Awful Places

New film from Gone Girl author is a big “not-good-at-all” disappointment

For the second time in a year, a Gillian Flynn novel has been made into a movie. While David Fincher's (Gone Girl) was some kind of masterpiece, Dark Places, based on Flynn's second novel, is bloody awful.

Despite having Oscar winner Charlize Theron as its star, Dark Places never rises above Lifetime movie levels. It's ham-fisted storytelling where its stars, especially Theron, look absolutely lost in their scenes. It also boasts shoddy production values that give off the vibe of a subpar episode of Law & Order: Special Crimes Unit, and that's a show I hate "this much" (I have stopped typing and I'm stretching out my arms, palms parallel, as far as possible for you).

Like Gone Girl, Flynn's story is based upon real news events while not utilizing real people as characters. Gone Girl was an obvious nod to wife murderer Scott Peterson, while Dark Places draws its inspiration from 1980s and '90s cases involving alleged Satan worshippers (Ricky Kasso, Robin Hood Hills murders). While Fincher took Gone Girl (with a screenplay penned by Flynn herself) and went for something darkly satirical and outrageous, director and screenwriter Gilles Paquet-Brenner plays Dark Places straight with a far inferior script.

Theron is Libby Day, a bitter woman who witnessed the murder of her mother and sisters when she was a child in 1985. Her brother Ben (played by Tye Sheridan of The Tree of Life in 1985 and Corey Stoll of Ant-Man in the present) is sitting in prison for life, based on her testimony. In addition to her sister's damning words, Ben was jailed after it was suspected the murders were fueled by his love for Satan and all things Satan.

Libby has been living off the spoils of unwanted celebrity, having received money over the years from sympathetic check senders. Her book, however, did not sell all that well, and the checks are drying up, so she's a bit desperate. She gets a weird letter from Lyle (Theron's Mad Max: Fury Road costar Nicholas Hoult), offering her a few hundred bucks to appear at a weird meeting for some sort of "murder club."

A "murder club," as defined in the film, is a sort of mini macabre Comic-Con where people dress up as murderers (Yes, the John Wayne Gacy clown is in attendance) and people involved in infamous cases make appearances. Libby thinks she's just a guest of honor, but soon discovers that the murder club also looks to solve murders, and they believe her brother is innocent. They also believe Libby lied in her testimony. After being initially pissed off at this accusation, she joins forces with the club to solve her family's murders.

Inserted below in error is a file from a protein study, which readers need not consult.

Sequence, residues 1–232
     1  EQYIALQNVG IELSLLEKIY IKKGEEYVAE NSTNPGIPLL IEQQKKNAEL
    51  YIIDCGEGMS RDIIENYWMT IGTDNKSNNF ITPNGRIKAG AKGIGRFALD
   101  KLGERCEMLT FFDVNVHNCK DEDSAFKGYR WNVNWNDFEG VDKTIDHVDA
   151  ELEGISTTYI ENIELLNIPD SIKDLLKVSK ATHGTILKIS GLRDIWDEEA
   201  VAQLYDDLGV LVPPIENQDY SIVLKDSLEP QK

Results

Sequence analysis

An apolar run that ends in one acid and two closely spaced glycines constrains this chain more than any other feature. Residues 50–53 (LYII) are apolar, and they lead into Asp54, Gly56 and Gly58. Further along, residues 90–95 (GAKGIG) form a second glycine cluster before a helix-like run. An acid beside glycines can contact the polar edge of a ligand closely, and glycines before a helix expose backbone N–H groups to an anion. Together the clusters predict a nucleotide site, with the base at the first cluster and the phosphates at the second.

The film becomes two stories in different times, with Libby and the murder club reinvestigating the killings in the present, and the actual build up to the murders in the past. The 1985 cast includes Sheridan, Chloe Grace Moretz as Ben's Satan worshipping, cow-slaughtering girlfriend, Christina Hendricks as Libby's noble mother and Sterling Jerins as young Libby.

Paquet-Brenner doesn't navigate the two periods well, as his film features some sloppy editing to go with some bad acting. While Hendricks delivers a decent enough performance, the normally reliable Moretz goes overboard in her bid to be bad. Sean Bridgers plays Libby's dad in both periods, trying to do his best Charles Manson impersonation. A scene Theron shares with Bridgers, whose character is coughing from progressive arsenic poisoning, is unintentionally hilarious.

As for Theron, she often looks confused and frustrated, as if she regrets what she has signed up for. You have to be a pretty poorly constructed movie to make Theron hard to watch, and that's what this is.

Flynn didn't have a hand in the screenplay, and perhaps that's one of the reasons Dark Places is so flat and putrid. Or, maybe, Flynn only has one great story suitable for the movies in her, because this one is an undercooked dud.

About The Author

Comments (0)

Add a comment

Add a Comment

Now Playing

By Film...

By Theater...

Tucson Weekly

Best of Tucson Weekly

Tucson Weekly